Twelve Proofs of the Inexistence of God
There are two ways of studying and trying to solve the problem of the inexistence of God. One way is that of eliminating the hypothesis God from the field of plausible and necessary conjectures by a clear precise explanation through the exposition of a positive system of the universe, its origin, its successive evolutions and its final scope. But such an exposition would make the idea of God useless and would destroy beforehand the whole metaphysical edifice upon which it has been placed by spiritual philosophers and theologians. However, taking in consideration the present status of human knowledge and duly confining ourselves to that which is demonstrable and has been demonstrated, verifiable and has been verified, we have to admit that t... (From : Anarchy Archives.)
Published by Freiheit Publishing Association New York Among all mental diseases which man has systematically inoculated into his cranium, the religious pest is the most abominable. Like all things else, this disease has a history; it only regrettable that in this case nothing will be found of the development from nonsense to reason, which is generally assumed to be the course of history. Old Zeus and his double, Jupiter, were still quite decent, jolly, we might even say, somewhat enlightened fellows, if compared with the last triplet on the pedigree of gods who, on examination, can safely rival with Vitzliputzli as to brutality and cruelty. We won't argue at all with the pensioned or dethroned gods, for they no longer do any harm. But the m... (From : Anarchy Archives.)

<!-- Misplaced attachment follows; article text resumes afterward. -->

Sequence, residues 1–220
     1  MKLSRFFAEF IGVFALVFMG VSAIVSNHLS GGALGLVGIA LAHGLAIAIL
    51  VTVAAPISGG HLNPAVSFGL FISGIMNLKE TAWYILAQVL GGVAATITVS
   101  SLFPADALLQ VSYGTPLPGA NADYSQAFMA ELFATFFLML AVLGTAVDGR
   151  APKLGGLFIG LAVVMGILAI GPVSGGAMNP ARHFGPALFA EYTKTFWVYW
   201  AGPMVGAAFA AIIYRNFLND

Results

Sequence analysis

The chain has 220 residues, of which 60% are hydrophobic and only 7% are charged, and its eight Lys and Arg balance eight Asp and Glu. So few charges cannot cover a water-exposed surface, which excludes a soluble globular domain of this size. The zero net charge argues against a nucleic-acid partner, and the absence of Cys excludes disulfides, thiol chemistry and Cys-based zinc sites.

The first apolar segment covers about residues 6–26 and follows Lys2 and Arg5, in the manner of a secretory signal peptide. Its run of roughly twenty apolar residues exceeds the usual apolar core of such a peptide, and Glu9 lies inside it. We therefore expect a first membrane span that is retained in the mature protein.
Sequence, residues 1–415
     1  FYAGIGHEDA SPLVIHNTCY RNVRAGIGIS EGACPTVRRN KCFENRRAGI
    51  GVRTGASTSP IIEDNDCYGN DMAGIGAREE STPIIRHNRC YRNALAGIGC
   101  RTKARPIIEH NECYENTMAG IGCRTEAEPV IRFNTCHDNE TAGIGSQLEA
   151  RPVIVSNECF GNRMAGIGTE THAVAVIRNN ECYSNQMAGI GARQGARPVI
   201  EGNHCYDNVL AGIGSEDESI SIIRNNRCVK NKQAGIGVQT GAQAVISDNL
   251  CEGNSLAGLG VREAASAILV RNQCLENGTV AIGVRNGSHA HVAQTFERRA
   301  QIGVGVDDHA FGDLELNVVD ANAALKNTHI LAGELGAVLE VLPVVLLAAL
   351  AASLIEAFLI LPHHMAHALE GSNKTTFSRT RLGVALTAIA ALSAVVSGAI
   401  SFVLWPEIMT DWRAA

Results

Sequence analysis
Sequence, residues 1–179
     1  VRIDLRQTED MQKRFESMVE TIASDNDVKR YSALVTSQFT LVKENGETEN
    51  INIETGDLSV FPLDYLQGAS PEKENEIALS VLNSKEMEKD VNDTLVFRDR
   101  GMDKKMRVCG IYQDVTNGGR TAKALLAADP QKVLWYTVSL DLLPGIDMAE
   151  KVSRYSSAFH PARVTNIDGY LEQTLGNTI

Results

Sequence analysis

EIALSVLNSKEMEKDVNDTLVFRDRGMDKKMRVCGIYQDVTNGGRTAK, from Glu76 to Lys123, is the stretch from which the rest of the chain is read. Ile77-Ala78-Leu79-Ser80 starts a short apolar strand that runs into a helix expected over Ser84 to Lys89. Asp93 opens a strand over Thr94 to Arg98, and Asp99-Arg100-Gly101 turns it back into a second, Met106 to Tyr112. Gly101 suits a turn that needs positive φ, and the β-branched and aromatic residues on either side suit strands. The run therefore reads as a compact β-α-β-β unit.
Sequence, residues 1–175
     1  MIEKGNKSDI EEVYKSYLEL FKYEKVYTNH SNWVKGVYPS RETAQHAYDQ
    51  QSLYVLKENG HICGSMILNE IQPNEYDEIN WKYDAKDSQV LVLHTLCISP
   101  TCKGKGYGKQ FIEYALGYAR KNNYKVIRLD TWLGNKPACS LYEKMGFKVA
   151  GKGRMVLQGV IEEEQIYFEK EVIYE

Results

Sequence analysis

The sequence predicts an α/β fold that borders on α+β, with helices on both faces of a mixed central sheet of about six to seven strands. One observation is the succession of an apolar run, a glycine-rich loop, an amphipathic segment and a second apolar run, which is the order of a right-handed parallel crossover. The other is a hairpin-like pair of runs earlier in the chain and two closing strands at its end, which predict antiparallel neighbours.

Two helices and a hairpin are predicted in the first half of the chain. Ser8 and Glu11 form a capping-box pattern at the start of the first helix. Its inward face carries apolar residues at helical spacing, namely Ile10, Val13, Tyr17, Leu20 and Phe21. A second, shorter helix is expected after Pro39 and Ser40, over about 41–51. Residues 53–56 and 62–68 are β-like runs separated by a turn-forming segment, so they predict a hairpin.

Chapter 1: An Ecological Society Introduction Bookchin’s interest in ecology arose primarily from his boyhood curiosity about natural phenomena, from his studies of biology in high school. and from his love of green spaces in the environs of his native New York City, as well as from his dismay at their diminution with the buildup of urban streets and buildings. Yet another source of inspiration for his thinking about ecology were the writings of Karl Marx and Friedrich Engels. In scattered passages the two progenitors of Marxian socialism had alluded provocatively to a conflicted relationship between town and country. “The greatest division of material and mental labor,” they wrote, “is the separation of town and country. The antagonism between town and country begins with the transition from barbarism to civilization, from tribe to State, from locality to nation, and runs through the whole history of civ...